Ablation of Spacecraft Thermal Protection Systems Using Multiscale Simulations (NASA ESI 2015)
Phenolic resin-based thermal protection systems are commonly used to protect re-entry spacecrafts from atmospheric heating. We study the ablation of such thermal protection systems (TPS) using multiscale simulations. A crosslinked phenolic formaldehyde resin is modeled and its pyrolysis kinetics are determined using ReaxFF-based molecular dynamics (MD) simulations. The activation energy and rate constant of thermal decomposition are obtained. We use the MD derived kinetics in a higher order mesoscale model to determine the effective surface recession rate of phenolic resin as a function of temperature. To extend the analysis to realistic length- and time-scales we propose a continuum level formulation informed by the MD and mesoscale data. We validate the model by direct comparison with previous arc jet and wind tunnel experiments and use it to characterize the Avcoat TPS. The temperature profile within Avcoat TPS, the thickness of resulting char layer as well as the pyrolysis gas blowing rates are calculated for atmospheric re-entry from low-earth orbit.
- Harpale A., Sawant S.S., Kumar R., Levin, D. and Chew H.B. ”Ablative Thermal Protection Systems: Pyrolysis Modeling by Scale-Bridging Molecular Dynamics” Carbon, 130 (2018): 315-324
Patterning of Graphene by Hydrogen Plasma Treatment
Scalable and precise nanopatterning of graphene is an essential step for graphene-based device fabrication. Hydrogen-plasma reactions have been shown to narrow graphene only from the edges, or to selectively produce circular or hexagonal holes in the basal plane of graphene, but the underlying plasma-graphene chemistry is unknown. Here, we study the hydrogen-plasma etching of monolayer graphene supported on SiO2 substrates across the range of plasma ion energies using scale-bridging molecular dynamics (MD) simulations based on reactive force-field potential. Our results uncover distinct etching mechanisms, operative within narrow ion energy windows, which explain the differing plasma-graphene reactions observed experimentally. Understanding the complex plasma-graphene chemistry opens up a means for controlled patterning of graphene nanostructures.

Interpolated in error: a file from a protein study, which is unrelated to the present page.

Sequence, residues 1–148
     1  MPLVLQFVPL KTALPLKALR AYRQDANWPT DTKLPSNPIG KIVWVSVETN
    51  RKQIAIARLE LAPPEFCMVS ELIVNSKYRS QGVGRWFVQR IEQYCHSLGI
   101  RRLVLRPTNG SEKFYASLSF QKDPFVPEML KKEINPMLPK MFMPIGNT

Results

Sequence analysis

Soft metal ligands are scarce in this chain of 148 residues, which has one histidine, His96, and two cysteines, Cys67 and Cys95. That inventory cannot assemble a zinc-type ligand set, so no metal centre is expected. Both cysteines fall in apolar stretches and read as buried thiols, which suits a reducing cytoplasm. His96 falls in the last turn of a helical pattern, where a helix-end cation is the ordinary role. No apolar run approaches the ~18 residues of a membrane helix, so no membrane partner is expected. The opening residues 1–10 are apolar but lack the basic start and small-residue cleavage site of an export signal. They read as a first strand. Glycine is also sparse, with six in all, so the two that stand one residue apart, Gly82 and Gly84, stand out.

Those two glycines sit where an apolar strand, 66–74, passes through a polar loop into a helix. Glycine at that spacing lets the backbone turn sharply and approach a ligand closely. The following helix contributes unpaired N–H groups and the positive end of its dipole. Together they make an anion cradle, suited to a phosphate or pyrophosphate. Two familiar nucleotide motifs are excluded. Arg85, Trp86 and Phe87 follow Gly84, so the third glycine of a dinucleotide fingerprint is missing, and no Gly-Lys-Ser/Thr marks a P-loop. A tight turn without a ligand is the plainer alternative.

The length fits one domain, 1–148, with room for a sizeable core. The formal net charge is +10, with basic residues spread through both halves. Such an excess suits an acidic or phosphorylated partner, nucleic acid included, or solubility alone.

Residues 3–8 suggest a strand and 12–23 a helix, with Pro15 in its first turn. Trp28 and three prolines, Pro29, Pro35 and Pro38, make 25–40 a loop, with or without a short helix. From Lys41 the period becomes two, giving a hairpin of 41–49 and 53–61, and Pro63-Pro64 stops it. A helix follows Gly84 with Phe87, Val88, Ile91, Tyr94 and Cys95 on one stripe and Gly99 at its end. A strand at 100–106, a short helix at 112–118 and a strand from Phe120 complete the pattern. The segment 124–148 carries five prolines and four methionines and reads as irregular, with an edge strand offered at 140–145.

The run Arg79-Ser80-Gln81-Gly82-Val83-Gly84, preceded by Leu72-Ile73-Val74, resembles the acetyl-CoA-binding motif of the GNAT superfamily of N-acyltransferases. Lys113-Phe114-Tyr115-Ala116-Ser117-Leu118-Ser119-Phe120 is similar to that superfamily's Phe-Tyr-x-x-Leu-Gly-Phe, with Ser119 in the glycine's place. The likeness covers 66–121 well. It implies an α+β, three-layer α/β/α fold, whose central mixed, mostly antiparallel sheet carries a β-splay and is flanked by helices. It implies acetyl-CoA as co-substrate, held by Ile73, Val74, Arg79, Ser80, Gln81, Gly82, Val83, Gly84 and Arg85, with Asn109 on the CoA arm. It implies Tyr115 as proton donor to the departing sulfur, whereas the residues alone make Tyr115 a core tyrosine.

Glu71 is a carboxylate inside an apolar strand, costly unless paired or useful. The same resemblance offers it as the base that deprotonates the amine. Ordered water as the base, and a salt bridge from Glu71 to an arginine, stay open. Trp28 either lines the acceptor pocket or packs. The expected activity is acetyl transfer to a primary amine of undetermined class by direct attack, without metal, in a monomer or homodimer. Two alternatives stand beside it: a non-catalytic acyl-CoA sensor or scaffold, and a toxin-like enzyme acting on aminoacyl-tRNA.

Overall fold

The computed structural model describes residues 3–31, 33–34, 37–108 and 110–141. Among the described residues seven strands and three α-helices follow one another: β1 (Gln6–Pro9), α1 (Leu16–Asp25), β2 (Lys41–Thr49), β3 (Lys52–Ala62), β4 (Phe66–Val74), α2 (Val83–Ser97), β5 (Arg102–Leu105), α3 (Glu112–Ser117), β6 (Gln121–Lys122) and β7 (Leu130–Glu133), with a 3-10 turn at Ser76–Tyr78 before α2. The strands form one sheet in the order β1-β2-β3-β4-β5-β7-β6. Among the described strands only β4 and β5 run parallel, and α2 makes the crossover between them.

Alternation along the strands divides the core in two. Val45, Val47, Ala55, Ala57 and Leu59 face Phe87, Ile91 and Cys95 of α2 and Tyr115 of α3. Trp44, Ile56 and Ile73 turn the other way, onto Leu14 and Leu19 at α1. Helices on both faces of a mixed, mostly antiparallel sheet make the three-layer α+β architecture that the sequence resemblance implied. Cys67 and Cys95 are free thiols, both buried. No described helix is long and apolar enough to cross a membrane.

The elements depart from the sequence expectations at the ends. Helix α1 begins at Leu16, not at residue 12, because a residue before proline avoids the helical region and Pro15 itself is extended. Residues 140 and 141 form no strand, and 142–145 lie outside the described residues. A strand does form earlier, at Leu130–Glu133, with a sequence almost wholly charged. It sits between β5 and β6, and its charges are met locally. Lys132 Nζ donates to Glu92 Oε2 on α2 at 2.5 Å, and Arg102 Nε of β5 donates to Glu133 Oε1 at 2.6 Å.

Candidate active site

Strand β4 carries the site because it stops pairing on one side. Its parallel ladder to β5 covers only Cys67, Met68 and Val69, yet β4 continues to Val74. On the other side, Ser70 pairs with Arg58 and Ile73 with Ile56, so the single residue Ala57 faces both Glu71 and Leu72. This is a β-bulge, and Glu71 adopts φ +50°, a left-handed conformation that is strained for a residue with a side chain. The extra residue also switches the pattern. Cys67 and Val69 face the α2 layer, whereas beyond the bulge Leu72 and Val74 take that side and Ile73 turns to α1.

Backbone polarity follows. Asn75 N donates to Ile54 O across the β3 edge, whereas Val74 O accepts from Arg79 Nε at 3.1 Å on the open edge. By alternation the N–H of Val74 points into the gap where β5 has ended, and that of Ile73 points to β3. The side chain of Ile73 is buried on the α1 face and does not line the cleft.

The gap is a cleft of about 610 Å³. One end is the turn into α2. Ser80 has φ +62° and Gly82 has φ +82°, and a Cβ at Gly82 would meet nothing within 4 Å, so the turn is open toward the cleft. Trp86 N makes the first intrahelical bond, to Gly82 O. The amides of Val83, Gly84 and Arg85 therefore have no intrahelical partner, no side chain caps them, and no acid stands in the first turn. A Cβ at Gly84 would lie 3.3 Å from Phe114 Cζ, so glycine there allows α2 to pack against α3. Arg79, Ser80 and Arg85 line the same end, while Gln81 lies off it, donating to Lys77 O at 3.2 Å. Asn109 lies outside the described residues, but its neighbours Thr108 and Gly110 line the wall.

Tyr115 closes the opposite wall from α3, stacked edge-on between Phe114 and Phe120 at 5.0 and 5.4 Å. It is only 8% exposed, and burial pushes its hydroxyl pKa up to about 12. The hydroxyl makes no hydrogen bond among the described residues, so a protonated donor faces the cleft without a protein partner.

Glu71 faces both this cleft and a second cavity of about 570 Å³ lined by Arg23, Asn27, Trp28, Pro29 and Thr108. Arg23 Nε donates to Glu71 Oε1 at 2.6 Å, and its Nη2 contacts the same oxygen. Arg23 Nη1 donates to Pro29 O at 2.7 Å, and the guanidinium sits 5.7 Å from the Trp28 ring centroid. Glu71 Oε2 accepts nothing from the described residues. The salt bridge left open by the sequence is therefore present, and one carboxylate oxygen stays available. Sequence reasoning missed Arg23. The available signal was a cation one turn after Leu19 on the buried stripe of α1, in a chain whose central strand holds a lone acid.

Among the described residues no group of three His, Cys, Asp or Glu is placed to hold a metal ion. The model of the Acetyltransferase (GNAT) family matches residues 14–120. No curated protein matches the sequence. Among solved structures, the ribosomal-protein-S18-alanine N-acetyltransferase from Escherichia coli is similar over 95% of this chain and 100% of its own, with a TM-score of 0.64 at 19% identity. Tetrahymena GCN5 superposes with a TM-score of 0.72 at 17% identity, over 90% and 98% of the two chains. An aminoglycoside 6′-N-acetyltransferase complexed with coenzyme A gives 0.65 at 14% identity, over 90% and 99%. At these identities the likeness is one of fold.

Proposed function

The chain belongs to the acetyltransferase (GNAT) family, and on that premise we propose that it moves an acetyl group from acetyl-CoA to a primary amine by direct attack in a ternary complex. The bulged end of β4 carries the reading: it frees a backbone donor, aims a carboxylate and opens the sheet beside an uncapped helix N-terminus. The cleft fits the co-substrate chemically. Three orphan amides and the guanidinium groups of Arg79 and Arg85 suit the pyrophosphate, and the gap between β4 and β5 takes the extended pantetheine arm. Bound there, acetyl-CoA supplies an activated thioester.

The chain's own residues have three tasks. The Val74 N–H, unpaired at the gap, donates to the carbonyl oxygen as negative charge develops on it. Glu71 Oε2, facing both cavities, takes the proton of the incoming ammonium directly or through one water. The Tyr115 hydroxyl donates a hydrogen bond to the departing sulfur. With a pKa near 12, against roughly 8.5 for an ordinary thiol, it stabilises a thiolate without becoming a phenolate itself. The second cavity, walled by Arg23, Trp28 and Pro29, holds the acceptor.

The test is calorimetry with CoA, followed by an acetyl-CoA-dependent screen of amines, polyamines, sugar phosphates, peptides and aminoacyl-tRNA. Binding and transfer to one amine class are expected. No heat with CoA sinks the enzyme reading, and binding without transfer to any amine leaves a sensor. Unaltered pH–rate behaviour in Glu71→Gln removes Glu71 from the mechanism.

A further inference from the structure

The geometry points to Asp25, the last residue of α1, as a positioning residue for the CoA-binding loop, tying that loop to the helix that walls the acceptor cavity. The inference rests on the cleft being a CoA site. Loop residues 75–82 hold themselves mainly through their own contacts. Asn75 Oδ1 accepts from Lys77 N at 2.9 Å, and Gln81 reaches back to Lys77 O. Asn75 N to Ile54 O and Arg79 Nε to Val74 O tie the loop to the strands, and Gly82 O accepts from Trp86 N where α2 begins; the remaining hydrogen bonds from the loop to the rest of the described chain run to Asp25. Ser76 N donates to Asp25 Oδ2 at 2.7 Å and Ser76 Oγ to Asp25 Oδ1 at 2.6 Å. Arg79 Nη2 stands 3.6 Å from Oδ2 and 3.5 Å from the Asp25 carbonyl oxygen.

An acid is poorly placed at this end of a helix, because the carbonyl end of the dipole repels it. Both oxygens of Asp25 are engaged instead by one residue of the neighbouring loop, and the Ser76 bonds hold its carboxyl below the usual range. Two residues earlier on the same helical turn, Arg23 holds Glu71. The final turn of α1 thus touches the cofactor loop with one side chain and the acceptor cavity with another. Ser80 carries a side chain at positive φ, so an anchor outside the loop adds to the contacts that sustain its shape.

- Harpale A. and Chew H.B. ”Hydrogen-Plasma Patterning of Multilayer Graphene: Mechanisms and Modeling.” Carbon, 117 (2017): 82-91
- Harpale A., Panesi M. and Chew H.B. ”Plasma-Graphene Interaction and its Effects on Nanoscale Patterning.” Physical Review B, 93 (2016): 035416.
Solubility of Carbon in Ni and Cu for Controlled CVD Growth of Graphene
Chemical vapor deposition (CVD) is now a widely accepted, low-cost, and scalable method of growing macroscale graphene sheets. The CVD process starts with the decomposition of methane into active C species on catalytic metal substrates which are usually late transition metals (Ni, Pd, Pt) and coinage metals (Cu, Ag, Au). Using first principle calculations, we study the surface-to-bulk diffusion of C atoms in Ni(111) and Cu(111) substrates, and compare the barrier energies associated with the diffusion of an isolated C atom versus multiple interacting C atoms. We find that the preferential Ni-C bonding over C–C bonding induces a repulsive interaction between C atoms located at diagonal octahedral voids in Ni substrates. This C–C interaction accelerates C atom diffusion in Ni with a reduced barrier energy of ∼1 eV, compared to ∼1.4-1.6 eV for the diffusion of isolated C atoms. The diffusion barrier energy of isolated C atoms in Cu is lower than in Ni. However, bulk diffusion of interacting C atoms in Cu is not possible due to the preferential C–C bonding over C–Cu bonding, which results in C–C dimer pair formation near the surface. The dramatically different C–C interaction effects within the different substrates explain the contrasting growth mechanisms of graphene on Ni(111) and Cu(111) during chemical vapor deposition.
- Harpale A., Panesi M. and Chew H.B. ”Surface-to-Bulk Diffusion of Isolated versus Interacting C Atoms in Ni (111) and Cu (111) Substrates: A First Principle Investigation.” Journal of Chemical Physics, 142 (2015): 061101